Credit cards are in need of a clean up

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The Independent Online

Choosing a credit card has always been a minefield. But fortunately for the card providers, most consumers remain blissfully unaware of the army of pricing tricks and tactics that they use to make their offerings look more competitive than they really are.

Although most new card customers only take the time to look at the APR, and how long the introductory interest-free period lasts for, there are dozens of other differences between cards – all of which can end up costing you money if you're not careful.

The most common trick is to only allow you to pay off the lowest interest bearing debt on your card first. For example, if you spend £500 on your card one month, and then another £500 the next, any subsequent payments you make will go towards paying off the most recent transactions first. Meanwhile, the £500 you spent in the first month will continue compounding interest. The only lender not to pull this trick is Nationwide.

Other cards start charging interest from the moment you make a purchase, rather than the moment the transaction clears on your card (usually three days later). And while some cards allow you an interest free period on every transaction (meaning you'll pay no interest at all if you pay your balance in full before that day), others do not.

Earlier this year, Which?, the consumers' association, finally decided to try and call time on the industry – asking the Office of Fair Trading (OFT) to look at ways of standardising the way that credit cards providers charge their customers interest.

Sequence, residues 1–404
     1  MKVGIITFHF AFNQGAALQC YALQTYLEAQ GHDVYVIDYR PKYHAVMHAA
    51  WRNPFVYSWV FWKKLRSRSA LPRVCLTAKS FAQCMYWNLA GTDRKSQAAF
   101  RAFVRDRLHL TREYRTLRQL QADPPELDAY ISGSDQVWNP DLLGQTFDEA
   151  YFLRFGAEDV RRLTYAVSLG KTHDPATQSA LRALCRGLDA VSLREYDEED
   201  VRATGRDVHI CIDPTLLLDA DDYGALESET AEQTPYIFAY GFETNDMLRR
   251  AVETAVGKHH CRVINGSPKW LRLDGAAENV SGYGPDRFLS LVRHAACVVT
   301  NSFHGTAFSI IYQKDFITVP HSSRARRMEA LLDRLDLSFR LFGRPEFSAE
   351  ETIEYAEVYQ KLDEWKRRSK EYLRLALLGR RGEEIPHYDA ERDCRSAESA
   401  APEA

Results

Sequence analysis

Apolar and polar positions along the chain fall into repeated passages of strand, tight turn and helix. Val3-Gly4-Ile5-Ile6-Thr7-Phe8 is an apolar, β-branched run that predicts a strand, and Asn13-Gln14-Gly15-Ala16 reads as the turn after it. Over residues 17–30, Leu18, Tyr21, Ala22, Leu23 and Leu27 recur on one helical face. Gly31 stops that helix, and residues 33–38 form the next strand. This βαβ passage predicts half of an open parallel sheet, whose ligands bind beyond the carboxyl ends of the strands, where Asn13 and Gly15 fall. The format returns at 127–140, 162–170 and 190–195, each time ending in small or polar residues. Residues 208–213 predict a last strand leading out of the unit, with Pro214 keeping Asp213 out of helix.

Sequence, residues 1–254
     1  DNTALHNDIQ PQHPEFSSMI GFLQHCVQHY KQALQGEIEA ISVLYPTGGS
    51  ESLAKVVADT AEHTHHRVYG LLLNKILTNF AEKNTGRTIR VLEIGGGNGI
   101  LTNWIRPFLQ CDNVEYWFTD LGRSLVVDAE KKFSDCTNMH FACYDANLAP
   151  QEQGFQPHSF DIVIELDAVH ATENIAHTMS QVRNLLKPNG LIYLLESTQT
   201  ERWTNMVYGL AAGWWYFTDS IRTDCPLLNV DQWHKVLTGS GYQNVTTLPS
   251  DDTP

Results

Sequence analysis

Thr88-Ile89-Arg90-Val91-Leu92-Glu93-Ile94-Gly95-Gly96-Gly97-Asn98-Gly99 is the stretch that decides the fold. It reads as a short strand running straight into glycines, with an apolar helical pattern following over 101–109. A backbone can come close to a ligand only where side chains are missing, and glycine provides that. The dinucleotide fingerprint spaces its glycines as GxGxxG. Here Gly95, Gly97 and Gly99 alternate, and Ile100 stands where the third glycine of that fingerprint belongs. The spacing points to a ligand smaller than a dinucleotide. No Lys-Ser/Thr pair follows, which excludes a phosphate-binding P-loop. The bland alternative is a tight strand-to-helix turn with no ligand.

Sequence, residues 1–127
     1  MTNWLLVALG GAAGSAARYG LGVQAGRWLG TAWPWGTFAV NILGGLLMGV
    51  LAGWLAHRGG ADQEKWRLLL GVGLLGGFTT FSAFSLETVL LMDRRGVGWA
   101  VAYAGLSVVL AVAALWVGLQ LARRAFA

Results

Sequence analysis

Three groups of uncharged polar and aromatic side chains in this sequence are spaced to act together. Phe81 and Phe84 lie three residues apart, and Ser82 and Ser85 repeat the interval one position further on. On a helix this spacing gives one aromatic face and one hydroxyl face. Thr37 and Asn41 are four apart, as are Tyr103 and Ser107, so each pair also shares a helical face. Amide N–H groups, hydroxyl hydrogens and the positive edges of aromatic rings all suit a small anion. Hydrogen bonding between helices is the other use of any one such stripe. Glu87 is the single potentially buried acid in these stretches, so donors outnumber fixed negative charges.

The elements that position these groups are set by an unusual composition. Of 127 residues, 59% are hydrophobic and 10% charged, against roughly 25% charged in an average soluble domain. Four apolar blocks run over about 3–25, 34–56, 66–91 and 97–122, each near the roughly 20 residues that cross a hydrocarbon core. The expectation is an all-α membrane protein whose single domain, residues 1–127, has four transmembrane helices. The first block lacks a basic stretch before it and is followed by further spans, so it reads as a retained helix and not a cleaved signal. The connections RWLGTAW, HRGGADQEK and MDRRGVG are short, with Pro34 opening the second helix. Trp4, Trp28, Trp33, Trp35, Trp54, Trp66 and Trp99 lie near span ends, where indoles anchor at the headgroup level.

As Which? rightly pointed out – it's impossible for consumers to make an accurate comparison between cards without spending hours pouring through the small print of each lender – to check what their pricing policies are. The APR simply doesn't tell the whole story.

Sadly, the OFT don't seem to want to get involved. Having considered Which?'s request, they said this week that they'll have a chat with the industry and see if they can get companies to all be a bit more consumer friendly, but that they can't be bothered to launch a full-scale inquiry. They also seem sympathetic to the claim that the card providers' ability to fiddle around with the small print is what keeps the market competitive and adds to consumer choice.

But do we really want to have a credit card industry that offers the smart consumers more choice by duping the less savvy?

On a personal level, it suits me just fine. I'm perfectly aware of the card providers' dirty tricks, and take the time to have a close look at the small print before I get involved with a new company. But the reason the card providers can afford to take on customers like me – who pay their balances off in full each month, without incurring any interest – is because they have thousands of customers who get caught out by their traps.

The industry is right to say that consumer choice may be reduced if it is forced to standardise its pricing – and some consumers will indeed be worse off. But thousands of customers who are (usually unbeknown to themselves) propping up the lenders' profits would at least get a fairer deal.

Unfortunately, the majority of those who get caught out, and pay additional charges, are the customers who can least afford it. Meanwhile, the chief beneficiaries of the opaque and complex system are those of us who probably could afford to pay a little more for the convenience of owning a credit card.

The same is true in the mortgage market as well – where customers naturally compare headline rates, without always taking account of all the charges.

If the Government is not prepared to force the industry to be more transparent, it must at least do more to make consumers aware of the risks they face every time they take out a financial product.

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